The matching power of HUD's fuzzy search is also impressive; it rarely takes more than a few letters to find the menu item you're looking for and the results window has very little lag, even in a virtual machine.
If only Unity's Dashboard search features worked so well, but sadly the terrible search I complained about in the beta review remains unchanged for the final release: the Unity Dashboard is still incapable of finding the application GVim from the search string "vim."
In fact most of the Unity Dashboard remains largely unchanged from previous releases, though there is a new video search lens. The video lens will pull search results from the metadata of any movies in your Videos folder, as well as search online services like the BBC's iPlayer and YouTube movies.
There still aren't too many options to customise the Unity desktop without resorting to third-party software or hacks, but this release does finally add an option to at least hide the launcher if you'd like to save some screen real estate.
Privacy controls restrict the information logged in Ubuntu 12.04 LTS
Also worth checking out is the new Privacy option in the System Settings panel. The Privacy feature lets you control what the system and even individual apps are allowed to log. You can also shut off history logging altogether or tell the system to automatically remove logged items after a period of time.
Apparently many people were unclear about what was happening when a new application installed, so now whenever you install something from the Ubuntu Software Center the icon jumps out of the Software Center and lands in the launcher. There's also a new progress bar on top of the application icon that shows the app downloading. It's a nice touch for newcomers, but note that it only works for software installed through the Ubuntu Software Center.
The Ubuntu Software Center has been tweaked slightly with the addition of some small but nice features such as an opt-in "Recommendations" feature for custom-tailored app suggestions: it's based on what you download after you turn it on. When you install a new application through the Ubuntu Software Center, the corresponding language support packages – things like translations and spell-check modules – are now installed automatically as well.
As with any new Ubuntu release, the default applications have been updated to the latest versions. This round you'll find the LibreOffice 3.5 and Firefox 11, as well as the latest versions of Rhythmbox, Empathy, Totem and more.
Under the hood Ubuntu 12.04 offers an updated Linux kernel and some new hardware support for ClickPads – button-less trackpads where you simply press down on the trackpad surface to "click" – which is handy for those running Ubuntu on Apple laptops or laptops with Synaptics ClickPads.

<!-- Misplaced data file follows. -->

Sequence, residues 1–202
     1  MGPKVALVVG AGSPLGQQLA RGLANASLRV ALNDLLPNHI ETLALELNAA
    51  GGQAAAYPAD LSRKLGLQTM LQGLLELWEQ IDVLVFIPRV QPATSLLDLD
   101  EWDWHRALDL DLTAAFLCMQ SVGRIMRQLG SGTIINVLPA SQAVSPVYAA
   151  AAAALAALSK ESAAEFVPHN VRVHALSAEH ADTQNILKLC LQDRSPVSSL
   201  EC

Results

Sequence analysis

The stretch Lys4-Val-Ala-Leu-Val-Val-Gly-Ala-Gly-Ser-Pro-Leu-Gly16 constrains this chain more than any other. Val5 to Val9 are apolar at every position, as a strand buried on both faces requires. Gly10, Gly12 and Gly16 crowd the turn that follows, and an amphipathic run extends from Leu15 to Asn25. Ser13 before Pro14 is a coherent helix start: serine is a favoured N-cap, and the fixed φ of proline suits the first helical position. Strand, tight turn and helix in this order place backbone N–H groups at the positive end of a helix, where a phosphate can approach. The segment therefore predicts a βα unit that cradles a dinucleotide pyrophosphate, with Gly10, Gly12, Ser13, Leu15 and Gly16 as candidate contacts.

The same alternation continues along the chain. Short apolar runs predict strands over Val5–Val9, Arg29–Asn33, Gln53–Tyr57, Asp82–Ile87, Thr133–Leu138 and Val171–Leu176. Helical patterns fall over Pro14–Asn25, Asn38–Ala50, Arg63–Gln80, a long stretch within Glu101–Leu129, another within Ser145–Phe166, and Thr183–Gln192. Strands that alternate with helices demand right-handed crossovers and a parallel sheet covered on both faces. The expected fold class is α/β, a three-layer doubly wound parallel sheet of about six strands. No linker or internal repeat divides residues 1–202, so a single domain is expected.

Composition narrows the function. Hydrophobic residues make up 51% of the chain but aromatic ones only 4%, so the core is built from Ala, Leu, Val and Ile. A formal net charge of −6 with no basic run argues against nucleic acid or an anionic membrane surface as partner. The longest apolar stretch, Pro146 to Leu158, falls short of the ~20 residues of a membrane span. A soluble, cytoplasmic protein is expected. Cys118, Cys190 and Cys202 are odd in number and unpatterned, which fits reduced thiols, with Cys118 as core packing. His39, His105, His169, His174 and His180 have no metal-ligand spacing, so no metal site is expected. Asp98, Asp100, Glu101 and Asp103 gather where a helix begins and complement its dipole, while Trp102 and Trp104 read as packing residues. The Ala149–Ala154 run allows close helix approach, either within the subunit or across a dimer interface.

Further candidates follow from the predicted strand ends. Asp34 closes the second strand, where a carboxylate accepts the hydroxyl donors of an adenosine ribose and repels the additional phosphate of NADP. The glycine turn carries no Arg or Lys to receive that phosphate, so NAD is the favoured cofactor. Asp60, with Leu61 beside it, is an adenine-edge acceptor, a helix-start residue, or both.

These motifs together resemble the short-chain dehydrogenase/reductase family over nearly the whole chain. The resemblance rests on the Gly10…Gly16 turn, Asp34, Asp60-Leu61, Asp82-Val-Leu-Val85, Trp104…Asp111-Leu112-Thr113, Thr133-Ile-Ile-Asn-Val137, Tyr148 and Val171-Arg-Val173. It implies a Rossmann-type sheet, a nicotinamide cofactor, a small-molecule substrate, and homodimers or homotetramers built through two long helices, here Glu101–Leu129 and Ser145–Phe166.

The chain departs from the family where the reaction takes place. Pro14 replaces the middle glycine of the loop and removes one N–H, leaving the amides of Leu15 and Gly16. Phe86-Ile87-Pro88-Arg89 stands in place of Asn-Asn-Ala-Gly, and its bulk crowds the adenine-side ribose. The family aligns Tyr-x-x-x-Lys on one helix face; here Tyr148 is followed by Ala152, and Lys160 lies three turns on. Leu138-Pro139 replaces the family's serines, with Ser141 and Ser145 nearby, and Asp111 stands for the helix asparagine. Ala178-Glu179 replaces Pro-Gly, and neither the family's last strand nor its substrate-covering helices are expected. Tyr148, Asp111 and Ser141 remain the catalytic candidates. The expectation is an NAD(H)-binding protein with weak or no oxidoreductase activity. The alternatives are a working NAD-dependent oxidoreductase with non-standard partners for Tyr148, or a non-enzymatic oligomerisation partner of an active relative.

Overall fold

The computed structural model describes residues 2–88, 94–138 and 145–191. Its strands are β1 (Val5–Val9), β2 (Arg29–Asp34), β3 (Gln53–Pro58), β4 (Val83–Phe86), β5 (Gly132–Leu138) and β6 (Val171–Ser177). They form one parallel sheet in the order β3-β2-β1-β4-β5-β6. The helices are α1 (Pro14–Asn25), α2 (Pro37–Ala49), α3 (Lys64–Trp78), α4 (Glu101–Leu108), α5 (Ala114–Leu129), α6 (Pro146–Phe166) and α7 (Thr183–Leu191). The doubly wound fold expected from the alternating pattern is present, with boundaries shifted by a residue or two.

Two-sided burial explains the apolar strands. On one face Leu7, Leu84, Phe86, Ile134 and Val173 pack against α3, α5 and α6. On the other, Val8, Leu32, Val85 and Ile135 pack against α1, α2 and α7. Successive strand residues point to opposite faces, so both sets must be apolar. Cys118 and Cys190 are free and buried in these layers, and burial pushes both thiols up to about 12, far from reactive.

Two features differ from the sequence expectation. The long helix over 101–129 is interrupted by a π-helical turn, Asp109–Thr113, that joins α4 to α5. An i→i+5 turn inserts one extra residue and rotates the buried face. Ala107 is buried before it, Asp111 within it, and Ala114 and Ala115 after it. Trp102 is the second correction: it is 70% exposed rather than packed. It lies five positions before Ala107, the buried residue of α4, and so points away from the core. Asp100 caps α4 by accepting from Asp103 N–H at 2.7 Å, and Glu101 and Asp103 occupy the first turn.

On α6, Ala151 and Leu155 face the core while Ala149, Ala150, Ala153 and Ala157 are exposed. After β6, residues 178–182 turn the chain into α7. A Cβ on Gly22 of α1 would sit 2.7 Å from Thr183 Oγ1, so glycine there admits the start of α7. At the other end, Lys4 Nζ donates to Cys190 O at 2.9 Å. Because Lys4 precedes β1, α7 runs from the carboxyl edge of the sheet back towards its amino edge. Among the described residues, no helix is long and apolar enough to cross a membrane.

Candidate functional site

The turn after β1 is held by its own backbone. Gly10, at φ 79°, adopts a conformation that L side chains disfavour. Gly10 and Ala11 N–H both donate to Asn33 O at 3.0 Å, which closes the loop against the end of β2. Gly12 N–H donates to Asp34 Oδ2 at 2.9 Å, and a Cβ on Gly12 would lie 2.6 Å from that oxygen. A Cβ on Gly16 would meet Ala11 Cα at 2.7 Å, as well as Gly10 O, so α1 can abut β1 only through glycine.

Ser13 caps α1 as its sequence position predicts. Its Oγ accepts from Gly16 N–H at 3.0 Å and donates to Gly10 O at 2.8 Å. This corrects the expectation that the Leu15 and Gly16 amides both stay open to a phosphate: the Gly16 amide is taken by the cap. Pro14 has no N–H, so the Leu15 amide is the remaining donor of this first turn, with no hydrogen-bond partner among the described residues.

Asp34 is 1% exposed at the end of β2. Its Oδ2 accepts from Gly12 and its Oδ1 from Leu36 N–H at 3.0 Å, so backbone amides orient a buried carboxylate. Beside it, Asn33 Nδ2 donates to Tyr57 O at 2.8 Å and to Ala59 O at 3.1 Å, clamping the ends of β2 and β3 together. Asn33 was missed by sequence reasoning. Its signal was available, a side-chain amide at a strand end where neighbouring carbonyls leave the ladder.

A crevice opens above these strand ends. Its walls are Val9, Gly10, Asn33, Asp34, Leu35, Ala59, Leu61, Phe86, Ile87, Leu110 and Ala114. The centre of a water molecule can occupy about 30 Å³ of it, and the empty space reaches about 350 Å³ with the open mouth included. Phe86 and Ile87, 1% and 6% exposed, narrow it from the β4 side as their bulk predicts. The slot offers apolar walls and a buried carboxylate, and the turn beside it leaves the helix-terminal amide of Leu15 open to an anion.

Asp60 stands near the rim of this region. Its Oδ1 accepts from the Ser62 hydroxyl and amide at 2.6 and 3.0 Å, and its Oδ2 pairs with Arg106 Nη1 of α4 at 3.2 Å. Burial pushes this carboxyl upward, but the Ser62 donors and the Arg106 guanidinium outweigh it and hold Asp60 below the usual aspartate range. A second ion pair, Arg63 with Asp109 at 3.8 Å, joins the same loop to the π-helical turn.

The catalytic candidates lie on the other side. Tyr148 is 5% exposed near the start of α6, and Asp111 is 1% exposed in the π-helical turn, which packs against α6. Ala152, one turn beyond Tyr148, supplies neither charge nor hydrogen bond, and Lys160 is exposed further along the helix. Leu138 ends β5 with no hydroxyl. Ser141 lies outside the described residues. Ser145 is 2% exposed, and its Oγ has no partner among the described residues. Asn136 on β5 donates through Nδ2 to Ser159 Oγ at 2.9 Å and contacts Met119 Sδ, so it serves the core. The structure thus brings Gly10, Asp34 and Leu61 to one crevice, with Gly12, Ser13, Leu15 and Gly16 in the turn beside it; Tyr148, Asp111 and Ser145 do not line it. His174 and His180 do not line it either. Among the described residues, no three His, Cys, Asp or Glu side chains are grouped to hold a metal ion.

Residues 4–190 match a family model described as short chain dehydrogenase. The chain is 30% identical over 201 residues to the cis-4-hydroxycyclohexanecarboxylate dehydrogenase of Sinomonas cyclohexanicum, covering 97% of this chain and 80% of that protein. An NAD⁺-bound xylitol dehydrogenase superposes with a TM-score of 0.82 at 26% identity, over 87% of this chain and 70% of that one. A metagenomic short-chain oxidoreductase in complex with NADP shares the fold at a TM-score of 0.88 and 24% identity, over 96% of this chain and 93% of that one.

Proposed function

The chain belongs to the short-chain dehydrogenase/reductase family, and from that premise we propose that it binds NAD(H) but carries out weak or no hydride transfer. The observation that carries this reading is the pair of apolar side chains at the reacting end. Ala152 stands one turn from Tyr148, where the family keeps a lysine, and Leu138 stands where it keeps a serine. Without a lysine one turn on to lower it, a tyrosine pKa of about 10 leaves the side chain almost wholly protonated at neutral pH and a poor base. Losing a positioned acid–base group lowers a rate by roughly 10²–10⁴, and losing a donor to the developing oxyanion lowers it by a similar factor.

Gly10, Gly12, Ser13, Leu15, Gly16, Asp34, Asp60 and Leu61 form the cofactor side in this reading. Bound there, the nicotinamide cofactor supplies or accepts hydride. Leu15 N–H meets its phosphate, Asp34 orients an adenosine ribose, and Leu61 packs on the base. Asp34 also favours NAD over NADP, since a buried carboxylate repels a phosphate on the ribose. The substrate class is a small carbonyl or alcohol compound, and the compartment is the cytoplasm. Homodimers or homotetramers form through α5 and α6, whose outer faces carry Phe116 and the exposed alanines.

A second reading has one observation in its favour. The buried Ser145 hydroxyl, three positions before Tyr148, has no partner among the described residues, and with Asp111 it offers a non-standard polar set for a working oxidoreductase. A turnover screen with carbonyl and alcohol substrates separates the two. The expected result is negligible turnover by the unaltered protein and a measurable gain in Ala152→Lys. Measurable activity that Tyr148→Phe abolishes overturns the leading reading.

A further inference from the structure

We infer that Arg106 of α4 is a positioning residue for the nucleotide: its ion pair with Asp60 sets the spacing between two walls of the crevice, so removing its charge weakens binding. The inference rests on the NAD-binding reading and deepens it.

It's also worth noting that, for all its emphasis on stability, my testing on the daily build – two days prior to the official release – still found many of the default apps feeling a bit less than solid. Both the Ubuntu Software Center and Ubuntu One crashed, the latter several times, as did, ironically, the crash reporter app.
As someone who started off disliking Unity I'll admit I've come around. Somewhat. I'm still disappointed with the Dashboard's search capabilities, but with addition of HUD Canonical's overall vision is starting to make more sense.
Or perhaps it just suddenly seems less jarring when stacked up next to what Microsoft is planning for Windows 8. And that, along with the improvements in this LTS release, may well become a huge selling point for Canonical's corporate customers going forward. ®
Balls. I'm all for new ideas, but not if they come paired with "Hey, we've thrown the stuff you're used to away" - nobody seems to be bothered with fallback.
If you REALLY deal with end users you notice that they tend to be conservative - for them it just has to work, and once they have learned the magical combination of buttons and commands that convinces the computer to do what they want and deliver the expected result they're happy. They are really not waiting for either a coder (Ubuntu) or marketing oink (Windows) to throw all that effort away, forcing them to learn something new again.
UIs have to pass two major tests: they must be so simple that a 6 year old can grasp how it works, and have sufficient fallback that a pensioner can slowly migrate from one to the other. f you get both those right it's suitable for business, otherwise it's just a productivity hit until everyone gets up to speed yet again.
You don't need "fancy" in business, you need stuff that works, is stable and doesn't waste resources on crap that has nothing to do with the work at hand. And once you have it, it would be nice to retain it, not change it every time the weather changes. Some people don't need computers for play - they have a job to do.
Re: Shame, really
Oh look you've just re-invented the text terminal. And pipes.
Re: you know...
I gave you a thumbs up, but, I think the original work stemmed from the netbook remix version of Ubuntu, which was brilliant for small screens. Then some idiot thought it would be a great idea to replace a perfectly working desktop that had been evolving smoothly over a period of several years with a desktop environment suited to small screen. Cue histeria.